Discussion

Enanthema can develop in various types of viral diseases including dengue fever disease, Ebola virus disease, herpangina, human herpes virus (HHV) infections, measles, and roseola infantum [1]. Infectious diseases, especially of viral etiology, constitute approximately 88% of causes of enanthema. Different types of enanthema , like aphthous‐like ulcers, Koplik’s spots, Nagayama’s spot, petechiae, papulovesicular, or maculopapular lesions, white or red patches, gingival and lip swelling have been reported with various viral infections. Both keratinized (hard palate, gingiva, and dorsum of tongue) and non-keratinized (labial and buccal) mucosae can be affected [1,6]. Covid-19 has a huge range of clinical manifestations and due to the high number of patients involved, the diagnosis is often based on clinical findings or suspicions [6]. Thus, proper suspicion can help in picking up the cases actively and effectively. Diagnosis can be aided by Radiology and tele technology. Clinicians need to be especially vigilant in children regarding this.

Conclusion

Hence COVID-19 can cause many oral and mucosal lesions that have to be correctly identified. Proper clinical suspicion might be present, and dentists must try to exclude COVID-19 infection whenever unexplained ulcers or loss of taste are seen along with other constitutional symptoms. Children with COVID-19 have nonspecific or minimal symptoms or can have oral lesion as part of multi-system, disorders, and hence clinicians should be alert.

References

  1. Iranmanesh B, Khalili M, Amiri R, Zartab H, Aflatoonian M (2021) Oral manifestations of COVID-19 disease: A review article. Dermatol Ther 34(1): 14578.
  2. Díaz Rodríguez M, Jimenez Romera A, Villarroel M (2020) Oral manifestations associated with COVID-19. Oral Dis.
  3. COVID-19 – oral manifestations. Research Insights.
  4. dos Santos JA, NB Ormando AGC, da Silva RLC, Acevedo AC, Canto GDL, et al. (2020) Oral Manifestations in Patients with COVID-19: A Living Systematic Review. J Dent Res 100(2): 141-154.
  5. Milanetti E, Miotto M, Rienzo LD, Monti M, Gosti G, et al. (2020) In-silico evidence for two receptors-based strategy of SARS-CoV-2. bioRxiv 2020.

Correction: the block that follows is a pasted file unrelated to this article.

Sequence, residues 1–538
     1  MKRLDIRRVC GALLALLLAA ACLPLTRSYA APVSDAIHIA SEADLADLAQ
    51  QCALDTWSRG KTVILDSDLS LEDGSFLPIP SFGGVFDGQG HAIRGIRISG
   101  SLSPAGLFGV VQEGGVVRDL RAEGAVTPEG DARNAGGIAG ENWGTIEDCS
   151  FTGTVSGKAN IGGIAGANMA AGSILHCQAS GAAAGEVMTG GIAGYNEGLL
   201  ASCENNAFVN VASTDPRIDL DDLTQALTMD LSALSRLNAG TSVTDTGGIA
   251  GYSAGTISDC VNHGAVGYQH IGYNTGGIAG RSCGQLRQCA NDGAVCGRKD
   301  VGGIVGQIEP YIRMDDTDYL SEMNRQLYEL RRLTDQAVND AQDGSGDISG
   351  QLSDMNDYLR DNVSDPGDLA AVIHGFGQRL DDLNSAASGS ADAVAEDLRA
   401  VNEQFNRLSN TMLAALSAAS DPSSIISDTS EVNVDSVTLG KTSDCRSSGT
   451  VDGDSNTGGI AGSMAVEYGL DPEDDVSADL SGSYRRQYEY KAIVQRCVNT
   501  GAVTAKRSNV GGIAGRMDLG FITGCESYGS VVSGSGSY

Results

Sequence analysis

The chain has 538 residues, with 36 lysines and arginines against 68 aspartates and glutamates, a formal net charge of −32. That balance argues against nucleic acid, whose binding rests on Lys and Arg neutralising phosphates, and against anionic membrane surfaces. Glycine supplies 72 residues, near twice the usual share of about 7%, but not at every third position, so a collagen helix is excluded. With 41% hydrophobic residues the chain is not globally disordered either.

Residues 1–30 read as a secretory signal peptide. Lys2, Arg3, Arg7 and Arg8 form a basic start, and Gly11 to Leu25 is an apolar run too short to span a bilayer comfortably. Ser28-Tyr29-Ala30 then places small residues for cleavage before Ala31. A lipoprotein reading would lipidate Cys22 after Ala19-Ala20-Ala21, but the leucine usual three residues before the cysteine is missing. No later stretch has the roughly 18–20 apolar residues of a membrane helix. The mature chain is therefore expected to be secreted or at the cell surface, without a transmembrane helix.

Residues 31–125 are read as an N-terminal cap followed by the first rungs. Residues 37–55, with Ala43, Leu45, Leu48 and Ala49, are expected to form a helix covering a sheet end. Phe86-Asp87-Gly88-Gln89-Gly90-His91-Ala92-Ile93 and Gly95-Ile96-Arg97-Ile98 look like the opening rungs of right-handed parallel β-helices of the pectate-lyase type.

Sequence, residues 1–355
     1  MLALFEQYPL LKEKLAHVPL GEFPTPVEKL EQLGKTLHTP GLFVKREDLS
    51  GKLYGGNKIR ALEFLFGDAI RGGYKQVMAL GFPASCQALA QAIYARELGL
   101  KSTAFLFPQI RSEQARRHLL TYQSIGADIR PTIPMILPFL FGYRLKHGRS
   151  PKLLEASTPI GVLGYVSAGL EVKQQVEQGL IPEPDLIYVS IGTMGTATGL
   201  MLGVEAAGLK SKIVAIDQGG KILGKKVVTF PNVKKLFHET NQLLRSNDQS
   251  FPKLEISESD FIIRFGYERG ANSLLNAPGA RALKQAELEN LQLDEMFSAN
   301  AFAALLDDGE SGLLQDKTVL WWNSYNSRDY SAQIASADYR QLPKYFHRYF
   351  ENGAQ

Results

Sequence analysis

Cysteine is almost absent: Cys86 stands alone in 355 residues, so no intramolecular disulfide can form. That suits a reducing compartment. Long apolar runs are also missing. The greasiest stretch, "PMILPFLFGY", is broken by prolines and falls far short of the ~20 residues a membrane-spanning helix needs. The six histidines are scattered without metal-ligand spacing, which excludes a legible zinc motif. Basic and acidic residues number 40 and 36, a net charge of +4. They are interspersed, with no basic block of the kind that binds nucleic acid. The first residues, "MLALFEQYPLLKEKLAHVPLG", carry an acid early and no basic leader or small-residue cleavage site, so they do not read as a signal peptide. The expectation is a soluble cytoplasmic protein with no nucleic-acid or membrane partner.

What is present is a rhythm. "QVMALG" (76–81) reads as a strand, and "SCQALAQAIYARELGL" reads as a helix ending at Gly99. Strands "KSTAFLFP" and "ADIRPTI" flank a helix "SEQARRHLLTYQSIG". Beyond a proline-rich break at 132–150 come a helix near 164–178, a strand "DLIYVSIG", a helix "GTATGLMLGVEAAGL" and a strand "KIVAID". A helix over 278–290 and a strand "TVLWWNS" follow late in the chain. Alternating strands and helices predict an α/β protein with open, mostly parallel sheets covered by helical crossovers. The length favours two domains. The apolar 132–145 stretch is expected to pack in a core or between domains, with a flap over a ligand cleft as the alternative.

6. Chaux-Bodard AG, Deneuve S, Desoutter A (2020) Oral manifestation of Covid-19 as an inaugural symptom? J Oral Med Oral Surg 26: 18.
  7. Halepas S, Lee KC, Myers A, Yoon RK, Chung W, et al. (2021) Oral manifestations of COVID-2019–related multisystem inflammatory syndrome in children: a review of 47 pediatric patients. J Am Dental Assoc 152(3): 202-208.
  8. Koticha PB, Pradhan D, Katge F, Krishna V, Bhanushali P, et al. (2020) COVID-19 in Children: Its Impact on Oral Health and Paediatric Dentistry. International Journal of Science and Healthcare Research 5(3): 377-189.
  9. Mallineni SK, Innes NP, Raggio DP, Araujo MP, Robertson MD, et al. (2020) Coronavirus disease (COVID‐19): Characteristics in children and considerations for dentists providing their care. Int J Ped Dentistr 30(3): 245-250.
  10. Rocha BA, Souto GR, de Mattos Camargo Grossmann S (2020) Viral enanthema in oral mucosa: a possible diagnostic challenge in the COVID‐19 pandemic. Oral Dis 3: 776-778.
  11. Scully C, Samaranayake LP (2016) Emerging and changing viral diseases in the new millennium. Oral Diseases 22(3): 171-179.
  12. Castro MCR, Ramos-e-Silva M (2020) The rash with mucosal ulceration. Clinics in Dermatology 38(1): 35-41.
  13. Halboub E, Al-Maweri SA, Alanazi RH, Qaid NM, Abdulrab S (2020) Orofacial manifestations of COVID-19: a brief review of the published literature. Braz oral res 34: e124.
  14. Ghai S (2020) Teledentistry during COVID-19 pandemic. Diabetes Metab Syndr 14(5): 933-935.